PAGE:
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Is woMAN nothing W/o a MAN?

17 Feb

CR’s post triggered lots of thoughts in me and brought back a few memories of my childhood.

To start off with, I hardly had widows in my vicinity as I grew up. There was one lady cook who used to stay at my maternal grand parents’ house was a widow. As kids, we would often visit our grandparents place. During one of the pujas or festivities, when I gave flowers to everyone and this lady, my granny shushed me away and whispered to me that I shouldn’t give it to her. I was at a very tender age to question the protocols. But it must have touched me somewhere unknowingly. I still remember a day when everybody in the family had gone to attend a function out. (I was left out at home with this lady, don’t remember why) I told her that we will play a game of marriage and that I would marry her. Then we made 2 garlands of flowers plucked from Granny’s garden and exchanged them. I told her that I would be her husband. ๐Ÿ˜€

I would wonder why most women I knew would ask God for only one wish – ‘To die as a Sumangali’. But I reasoned with myself thinking if this was their way of torturing their spoon fed hubbies who might not even know that raw rice needed to be boiled to make it edible.

SnS wrote a beautiful post on the several customs that a woman is exempted from during her periods.

I remember I always tried to have healthy discussions with Amma regarding this. Although there were a few advantages of these bans, I wondered how it mattered at all! She would not give scope for any argument and silence all attempts saying – ‘That is how elders have stated the rules. I can’t go against it’. Although there were no strict rules of using separate set of vessels or rooms during ‘those’ days, there were a few that irked me. First was that as soon as you discover that it was time, you had to take a bath which included washing your hair even if it was midnight! There was no geyser in our house which meant heating water in the kitchen in a vessel and taking it all the way to bathroom (which was located in our parents’ bedroom), taking a bath when rest of the world is snoring and then go back to snoozeland with wet hair. Another rule was that we were not supposed to wear a new dress during those days. There was an instance when Sis and I got into an argument with Amma as to what would happen if we wore it. She just declared ‘Rule is a rule’ which used to piss me off. Give me a logical reasoning and I could be sold but that was not to be. Then sis and I, being the smart chicks that we were devised a plan. One of us who was ‘clean’ (pun intended) wore the dress, removed it and then told Amma ‘She wore it once, it’s no more new. I can wear it now na?’ for which I guess Amma had to shrug speechlessly.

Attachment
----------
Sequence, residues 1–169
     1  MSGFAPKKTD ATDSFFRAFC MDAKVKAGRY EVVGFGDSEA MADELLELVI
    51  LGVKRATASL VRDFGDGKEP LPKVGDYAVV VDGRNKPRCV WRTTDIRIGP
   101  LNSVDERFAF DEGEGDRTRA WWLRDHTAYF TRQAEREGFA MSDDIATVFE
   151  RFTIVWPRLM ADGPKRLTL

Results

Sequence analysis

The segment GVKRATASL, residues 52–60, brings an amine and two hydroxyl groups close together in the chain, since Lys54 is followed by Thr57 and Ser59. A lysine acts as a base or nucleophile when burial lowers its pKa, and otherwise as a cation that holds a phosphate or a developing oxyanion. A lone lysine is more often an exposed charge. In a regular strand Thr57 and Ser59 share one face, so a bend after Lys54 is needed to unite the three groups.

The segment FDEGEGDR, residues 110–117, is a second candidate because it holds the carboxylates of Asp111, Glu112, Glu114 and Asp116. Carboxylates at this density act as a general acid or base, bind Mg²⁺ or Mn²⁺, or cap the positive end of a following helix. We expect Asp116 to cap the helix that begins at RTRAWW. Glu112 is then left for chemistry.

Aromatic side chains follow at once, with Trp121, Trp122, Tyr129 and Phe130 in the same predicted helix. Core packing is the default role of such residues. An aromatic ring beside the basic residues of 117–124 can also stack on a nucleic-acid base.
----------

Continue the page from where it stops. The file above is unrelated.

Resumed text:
There are a few customs that openly show maleย dominance.

One of them, Amma used to follow which had a hilarious reasoning behind it. An ash gourd had to be cut by male species only. Although she would do the peeling and chopping, first cut had to be inserted by a MAN. Why? You ask! Apparently if a female cuts it, a child would come out of it. Can you believe that? There were times when Amma would have forgotten to get it slit by the men of the house before they left home in the morning. She would keep it uncut. Sis and I would say – ‘Give it to us. If a child comes, we’ll raise it.’ She would reply – ‘You do whatever you want in your own houses when you are married. Let me follow what I believe in’. Yeah! I don’t buy that she actually believed a baby could get conjured from an ash guard had a female hand cut into it.

There is threading ceremony for boys in the family which is observed with huge pomp and show. I would question why girls were exempted from it. But our elders were conditioned to pass the ball they received from their ancestors to their heirs. No questions were asked and no answers would be given.

During the wedding, there is a custom called ‘Kashi Yatra’. Here, the groom is dressed in saffron clothes, acts as if he is fed up with life and is going to Kashi leaving behind all worldly pleasures (and duties). The bride’s father goes to him and pleads with him not to go and offers his daughter to him. When I was small, it used to be entertaining. How these otherwise serious elders actually enact a drama. But now on hindsight, I find this custom meaningless. I wish it was the groom who would beg and plead to the bride’s father to agree to get his daughter married to him.

In my in-laws’ place, they have this custom of covering one’s head with a veil to ensure husband’sย longevity. Luckily, Ma herself doesn’t believe in this custom but when we attend family functions or visit relatives, we are supposed to ‘ACT’ like a husband’s-well-being-is-my-motive-of-life wives by not letting that piece of cloth slide from heads. I wonder why this torture a wife has to endure when the husband is smoking away to glory and digging his own grave!

I don’t even want to start on religious places that do not let women to enter!

If we have overcome theย tabooย like Sati, we might as well hope for better with passing years. But then, we sure have a long long way to go.